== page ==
The association of the mystery hominin with those Middle and Upper Paleolithic artifacts is peculiar though, because elsewhere in Eurasia they have only turned up with Neandertal and modern human remains. Krause notes that it is possible that the pinky bone originated in an older, deeper layer of the cave sediments and over time got mixed in with the overlying artifacts. Thus far, however, there is no evidence for extensive perturbation. Another possibility, he says, is that the finger bone is that of an early modern human who carried an ancient mtDNA as a result of interbreeding between his or her ancestors and this previously unknown hominin group.

But other experts are not so sure about the team's interpretation of their data. "I don't know—and nobody else does—how many base-pair changes make a new species," says Erik Trinkaus of Washington University in Saint Louis, an authority on Neandertals and early modern humans. "I would like to have more than the number of mtDNA base pair differences to go on."

"The result doesn't mean that they've found a new species, and I don't believe it requires a separate pre-Neandertal migration out of Africa," argues John Hawks of the University of Wisconsin–Madison, whose research focuses on human genetic evolution. "Those explanations are both compatible with the result, but I don’t think the data require them yet." Hawks notes that the history of an mtDNA sequence—which is just a tiny fraction of a person's total DNA—does not necessarily reflect the history of a species.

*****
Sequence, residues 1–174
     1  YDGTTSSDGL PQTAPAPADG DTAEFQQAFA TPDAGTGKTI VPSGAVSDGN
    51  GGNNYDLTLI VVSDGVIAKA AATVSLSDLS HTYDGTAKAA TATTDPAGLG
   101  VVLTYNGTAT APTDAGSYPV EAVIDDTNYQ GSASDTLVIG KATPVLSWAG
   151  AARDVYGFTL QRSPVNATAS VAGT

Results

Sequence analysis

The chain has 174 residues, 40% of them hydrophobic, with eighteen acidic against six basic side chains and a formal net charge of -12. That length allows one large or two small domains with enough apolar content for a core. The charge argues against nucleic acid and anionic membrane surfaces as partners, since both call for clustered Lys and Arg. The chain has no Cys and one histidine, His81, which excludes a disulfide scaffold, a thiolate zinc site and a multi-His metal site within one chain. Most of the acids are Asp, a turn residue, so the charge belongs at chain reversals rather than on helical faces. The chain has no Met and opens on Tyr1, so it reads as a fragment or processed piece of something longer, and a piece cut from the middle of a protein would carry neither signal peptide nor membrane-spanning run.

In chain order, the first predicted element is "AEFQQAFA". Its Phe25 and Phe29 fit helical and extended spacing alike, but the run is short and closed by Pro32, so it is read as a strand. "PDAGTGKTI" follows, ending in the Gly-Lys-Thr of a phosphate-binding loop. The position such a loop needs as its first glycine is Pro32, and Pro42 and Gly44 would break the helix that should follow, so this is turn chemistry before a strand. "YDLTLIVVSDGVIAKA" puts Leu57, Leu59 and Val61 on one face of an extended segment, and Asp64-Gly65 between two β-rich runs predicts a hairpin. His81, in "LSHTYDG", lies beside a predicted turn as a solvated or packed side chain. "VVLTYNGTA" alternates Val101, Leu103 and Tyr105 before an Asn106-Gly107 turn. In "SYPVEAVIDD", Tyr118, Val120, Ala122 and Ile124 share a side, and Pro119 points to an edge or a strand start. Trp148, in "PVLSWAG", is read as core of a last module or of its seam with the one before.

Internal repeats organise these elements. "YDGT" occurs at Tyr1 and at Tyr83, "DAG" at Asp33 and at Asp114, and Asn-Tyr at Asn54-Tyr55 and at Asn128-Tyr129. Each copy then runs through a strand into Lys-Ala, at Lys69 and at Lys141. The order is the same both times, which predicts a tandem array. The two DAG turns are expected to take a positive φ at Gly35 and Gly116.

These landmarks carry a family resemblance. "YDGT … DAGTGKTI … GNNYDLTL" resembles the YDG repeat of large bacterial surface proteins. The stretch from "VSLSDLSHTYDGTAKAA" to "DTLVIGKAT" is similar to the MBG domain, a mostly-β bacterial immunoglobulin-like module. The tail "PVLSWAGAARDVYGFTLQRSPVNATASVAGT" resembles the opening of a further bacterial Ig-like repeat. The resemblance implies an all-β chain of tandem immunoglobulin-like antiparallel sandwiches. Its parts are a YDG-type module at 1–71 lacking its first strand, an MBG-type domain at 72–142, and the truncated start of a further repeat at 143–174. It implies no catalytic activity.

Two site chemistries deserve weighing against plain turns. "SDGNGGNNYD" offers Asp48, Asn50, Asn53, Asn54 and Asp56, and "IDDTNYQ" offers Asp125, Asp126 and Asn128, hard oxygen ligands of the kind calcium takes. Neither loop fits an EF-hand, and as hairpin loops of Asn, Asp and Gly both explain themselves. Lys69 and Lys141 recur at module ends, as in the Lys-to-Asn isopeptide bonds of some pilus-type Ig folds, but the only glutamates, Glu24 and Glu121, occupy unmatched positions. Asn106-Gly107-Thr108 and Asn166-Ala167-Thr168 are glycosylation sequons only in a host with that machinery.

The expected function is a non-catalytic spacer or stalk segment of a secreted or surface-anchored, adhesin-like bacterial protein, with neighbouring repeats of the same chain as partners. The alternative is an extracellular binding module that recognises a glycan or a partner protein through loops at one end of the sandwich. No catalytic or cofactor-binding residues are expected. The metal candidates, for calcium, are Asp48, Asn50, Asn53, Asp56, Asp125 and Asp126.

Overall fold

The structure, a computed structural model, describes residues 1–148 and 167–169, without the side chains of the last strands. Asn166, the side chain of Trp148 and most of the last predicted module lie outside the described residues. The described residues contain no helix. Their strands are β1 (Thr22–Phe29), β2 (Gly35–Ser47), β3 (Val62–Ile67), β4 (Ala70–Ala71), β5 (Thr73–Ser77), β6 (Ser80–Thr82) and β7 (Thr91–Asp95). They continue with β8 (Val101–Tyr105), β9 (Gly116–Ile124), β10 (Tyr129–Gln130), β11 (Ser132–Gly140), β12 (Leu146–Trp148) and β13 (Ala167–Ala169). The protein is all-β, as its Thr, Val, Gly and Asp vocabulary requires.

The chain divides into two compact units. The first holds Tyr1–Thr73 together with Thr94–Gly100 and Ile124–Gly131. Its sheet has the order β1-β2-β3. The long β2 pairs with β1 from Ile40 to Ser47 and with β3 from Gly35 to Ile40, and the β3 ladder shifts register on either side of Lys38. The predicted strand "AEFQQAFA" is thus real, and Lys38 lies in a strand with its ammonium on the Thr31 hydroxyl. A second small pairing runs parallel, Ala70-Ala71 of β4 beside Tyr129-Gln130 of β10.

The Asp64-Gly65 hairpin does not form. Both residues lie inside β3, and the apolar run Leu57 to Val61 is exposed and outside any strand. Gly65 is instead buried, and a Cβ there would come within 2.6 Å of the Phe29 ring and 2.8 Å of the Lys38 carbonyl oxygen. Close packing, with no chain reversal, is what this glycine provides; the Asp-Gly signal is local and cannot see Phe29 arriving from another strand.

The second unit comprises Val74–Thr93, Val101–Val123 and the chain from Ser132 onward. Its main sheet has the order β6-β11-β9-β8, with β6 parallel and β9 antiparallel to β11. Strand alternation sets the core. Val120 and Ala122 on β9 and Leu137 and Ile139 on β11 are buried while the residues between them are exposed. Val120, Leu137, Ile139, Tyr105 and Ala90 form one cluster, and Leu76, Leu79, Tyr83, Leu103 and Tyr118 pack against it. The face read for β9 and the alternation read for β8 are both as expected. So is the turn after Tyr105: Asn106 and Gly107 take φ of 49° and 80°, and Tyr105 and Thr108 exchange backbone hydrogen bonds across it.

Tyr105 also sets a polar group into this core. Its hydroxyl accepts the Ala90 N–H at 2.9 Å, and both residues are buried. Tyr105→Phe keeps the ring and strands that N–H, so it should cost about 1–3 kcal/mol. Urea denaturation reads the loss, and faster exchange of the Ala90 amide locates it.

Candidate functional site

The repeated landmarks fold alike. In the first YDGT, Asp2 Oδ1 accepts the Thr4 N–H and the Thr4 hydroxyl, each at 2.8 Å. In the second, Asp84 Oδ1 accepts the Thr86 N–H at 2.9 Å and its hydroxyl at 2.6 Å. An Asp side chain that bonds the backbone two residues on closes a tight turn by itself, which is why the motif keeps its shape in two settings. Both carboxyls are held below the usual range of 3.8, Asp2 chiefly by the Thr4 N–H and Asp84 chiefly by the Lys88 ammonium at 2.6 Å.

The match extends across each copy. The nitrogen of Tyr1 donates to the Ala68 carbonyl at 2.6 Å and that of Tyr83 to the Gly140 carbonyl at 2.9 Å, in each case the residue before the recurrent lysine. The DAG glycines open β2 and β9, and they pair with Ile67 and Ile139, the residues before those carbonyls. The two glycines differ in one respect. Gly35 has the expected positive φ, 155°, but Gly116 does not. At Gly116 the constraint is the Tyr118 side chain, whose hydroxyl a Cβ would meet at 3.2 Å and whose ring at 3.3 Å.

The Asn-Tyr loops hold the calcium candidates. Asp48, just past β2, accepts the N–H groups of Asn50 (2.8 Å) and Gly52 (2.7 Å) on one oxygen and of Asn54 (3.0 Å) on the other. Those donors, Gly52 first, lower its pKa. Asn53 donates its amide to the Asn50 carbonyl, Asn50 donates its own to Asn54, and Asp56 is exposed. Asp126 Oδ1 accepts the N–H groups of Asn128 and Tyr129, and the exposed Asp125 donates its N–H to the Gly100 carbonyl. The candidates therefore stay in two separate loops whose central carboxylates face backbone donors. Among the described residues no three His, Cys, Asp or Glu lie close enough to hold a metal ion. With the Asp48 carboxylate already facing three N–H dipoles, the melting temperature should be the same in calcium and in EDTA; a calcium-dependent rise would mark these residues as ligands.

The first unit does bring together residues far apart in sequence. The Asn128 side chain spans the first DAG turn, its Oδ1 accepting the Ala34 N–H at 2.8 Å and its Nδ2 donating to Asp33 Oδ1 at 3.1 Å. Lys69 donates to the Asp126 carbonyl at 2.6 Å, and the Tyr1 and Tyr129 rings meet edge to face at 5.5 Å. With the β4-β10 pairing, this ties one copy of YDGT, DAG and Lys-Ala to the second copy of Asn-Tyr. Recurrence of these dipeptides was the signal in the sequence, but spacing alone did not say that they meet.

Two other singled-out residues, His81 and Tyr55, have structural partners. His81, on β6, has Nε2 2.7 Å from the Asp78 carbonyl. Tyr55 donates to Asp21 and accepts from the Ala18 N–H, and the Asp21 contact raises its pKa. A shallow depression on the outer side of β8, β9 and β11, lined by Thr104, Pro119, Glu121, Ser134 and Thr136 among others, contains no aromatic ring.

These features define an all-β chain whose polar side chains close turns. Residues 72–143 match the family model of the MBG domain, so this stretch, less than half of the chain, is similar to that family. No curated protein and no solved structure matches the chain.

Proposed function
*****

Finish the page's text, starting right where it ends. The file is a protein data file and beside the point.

A comparably distinctive nuclear genome sequence would significantly strengthen the claim that the Denisova mtDNA represents a previously unknown type of hominin. To that end, Krause and Pääbo are launching a Denisova genome project to obtain a full nuclear genome sequence from the bone that yielded the novel mtDNA. Comparisons of this genome with the full genome sequence they have obtained for the Neandertal as well as with the genomes of people living today could yield insights into the genetic changes that defined H. sapiens. "At the end we get more information about the big question [of] what makes humans humans," Krause reflects.

Meanwhile, paleoanthropologists are eager for more fossils to confirm the DNA-based claim. With luck, continued excavation at Denisova cave this summer will turn up additional remains—and put a face on this long-lost relative.